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EARLIER: County finishes review of plan

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By Lisa King

After a second workshop, the Shelby County Fiscal Court has finished its review of the Goals and Objectives of the county's new Comprehensive Plan.

After examining the remainder of the document Wednesday night in a meeting with Ryan Libke, executive director of the Triple S Planning Commission, magistrates expressed their satisfaction with their changes and agreed to approve the item at the next Fiscal Court meeting on Tuesday.

Magistrates began their review with the Land Use portion of the document, which included sections on residential, agricultural and commercial land use. In the general Land Use category, magistrates wanted to make sure that the document was worded in such a way as to make it clear that growth would be encouraged in appropriate ways.

"I just want industrial growth to be in industrial areas and residential growth to be in residential areas," magistrate Tony Carriss said.

So Libke agreed to amend section LU-1-6 to add the words in italics to the following sentence: To reduce the cost and impact of development by encouraging growth in directions which most efficiently use the existing and planned utility systems in the urban service area.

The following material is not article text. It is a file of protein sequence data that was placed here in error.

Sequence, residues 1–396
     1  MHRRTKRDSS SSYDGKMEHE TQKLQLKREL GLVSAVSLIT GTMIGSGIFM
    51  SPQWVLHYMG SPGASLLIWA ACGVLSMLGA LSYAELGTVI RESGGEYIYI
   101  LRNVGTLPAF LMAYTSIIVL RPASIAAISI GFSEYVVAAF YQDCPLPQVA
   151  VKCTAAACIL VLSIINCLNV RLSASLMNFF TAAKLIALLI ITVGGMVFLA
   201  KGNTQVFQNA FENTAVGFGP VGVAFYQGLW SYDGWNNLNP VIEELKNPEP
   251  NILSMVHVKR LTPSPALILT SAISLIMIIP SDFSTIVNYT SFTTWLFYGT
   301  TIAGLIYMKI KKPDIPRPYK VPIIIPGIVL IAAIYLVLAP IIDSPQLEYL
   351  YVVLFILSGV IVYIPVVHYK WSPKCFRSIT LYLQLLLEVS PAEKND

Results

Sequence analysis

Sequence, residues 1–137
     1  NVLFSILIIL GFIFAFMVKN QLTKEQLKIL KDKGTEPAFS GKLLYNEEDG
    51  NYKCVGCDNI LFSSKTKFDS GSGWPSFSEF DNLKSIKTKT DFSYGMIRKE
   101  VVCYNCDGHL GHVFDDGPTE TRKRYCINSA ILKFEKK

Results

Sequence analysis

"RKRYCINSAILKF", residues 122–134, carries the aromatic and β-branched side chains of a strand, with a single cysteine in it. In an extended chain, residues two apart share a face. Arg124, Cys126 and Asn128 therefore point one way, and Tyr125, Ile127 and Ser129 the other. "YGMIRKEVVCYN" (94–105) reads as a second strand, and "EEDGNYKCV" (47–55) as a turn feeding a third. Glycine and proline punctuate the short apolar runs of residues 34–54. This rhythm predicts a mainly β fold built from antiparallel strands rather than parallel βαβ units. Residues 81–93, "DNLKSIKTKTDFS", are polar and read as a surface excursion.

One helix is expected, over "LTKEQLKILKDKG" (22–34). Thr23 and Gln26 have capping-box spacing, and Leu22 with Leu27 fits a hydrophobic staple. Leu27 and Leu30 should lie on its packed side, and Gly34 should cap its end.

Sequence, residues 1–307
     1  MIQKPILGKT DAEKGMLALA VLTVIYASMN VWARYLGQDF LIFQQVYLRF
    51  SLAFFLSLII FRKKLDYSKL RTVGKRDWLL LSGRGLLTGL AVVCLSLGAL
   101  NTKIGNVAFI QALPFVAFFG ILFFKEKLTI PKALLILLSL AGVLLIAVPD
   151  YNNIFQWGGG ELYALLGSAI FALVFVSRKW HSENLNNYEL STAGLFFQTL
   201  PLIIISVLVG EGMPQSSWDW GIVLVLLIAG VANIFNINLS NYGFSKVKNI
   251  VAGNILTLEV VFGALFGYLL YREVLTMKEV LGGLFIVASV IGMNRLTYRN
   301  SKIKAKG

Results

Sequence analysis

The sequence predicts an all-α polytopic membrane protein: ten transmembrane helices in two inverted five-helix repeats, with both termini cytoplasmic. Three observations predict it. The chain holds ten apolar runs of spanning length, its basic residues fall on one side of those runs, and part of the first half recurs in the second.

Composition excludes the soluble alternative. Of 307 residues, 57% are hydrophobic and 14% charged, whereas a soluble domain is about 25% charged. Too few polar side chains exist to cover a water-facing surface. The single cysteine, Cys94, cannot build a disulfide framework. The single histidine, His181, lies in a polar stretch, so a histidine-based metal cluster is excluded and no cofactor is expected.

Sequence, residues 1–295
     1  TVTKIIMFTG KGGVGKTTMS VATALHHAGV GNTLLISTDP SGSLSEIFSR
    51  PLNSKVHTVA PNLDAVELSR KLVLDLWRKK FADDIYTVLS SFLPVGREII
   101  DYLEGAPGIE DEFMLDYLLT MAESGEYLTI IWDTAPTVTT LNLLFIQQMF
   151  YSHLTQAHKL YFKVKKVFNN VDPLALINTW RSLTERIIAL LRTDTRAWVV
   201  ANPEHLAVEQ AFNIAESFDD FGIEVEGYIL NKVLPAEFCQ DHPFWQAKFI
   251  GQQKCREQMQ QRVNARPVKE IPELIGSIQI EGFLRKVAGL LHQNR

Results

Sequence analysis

Magistrate Michael Riggs was concerned with section LU-1-12, which would give enforcement officers the ability to issue citation when inspecting violations of zoning regulations.

Riggs said he thought a person must be a sworn police officer to issue citations, but Libke said that section just is meant to open up that possibility in the future.

"This is just a planning tool," he said. "We don't do it now, but we want to look at different ways to enforce these. Some cities use a code enforcement  board, and it gives them more bite."

In discussing the Natural/Historic Resources, Carriss said he wanted to make sure that the document would help to protect historic sites in his district.

"It's very important to preserve the many old historic school buildings that we have throughout the county, especially in Mount Eden," he said.  

Libke pointed out that section NH2-3 would accomplish that by reading, "To promote the protection of historic buildings, sites and districts."

In the final category, Shelby County Judge-Executive Rob Rothenburger wanted to add terminology to the Economic Development portion of the plan to encompass a wider range of economic potential.

So the following italicized words were added to this sentence: "To adopt an economic development strategy to retain existing industry, commerce, and agriculture, increase economic diversity, and create better employment opportunities in order to ensure that the county remains a vital part of a strong local and regional and global economy.”

Magistrates then pronounced themselves satisfied and agreed to approve the document at their next meeting.

The county will be the last body to adopt the document. The cities of Shelbyville as well as Simpsonville passed it in the first week of August.

     

 County finishes review of Goals and Objectives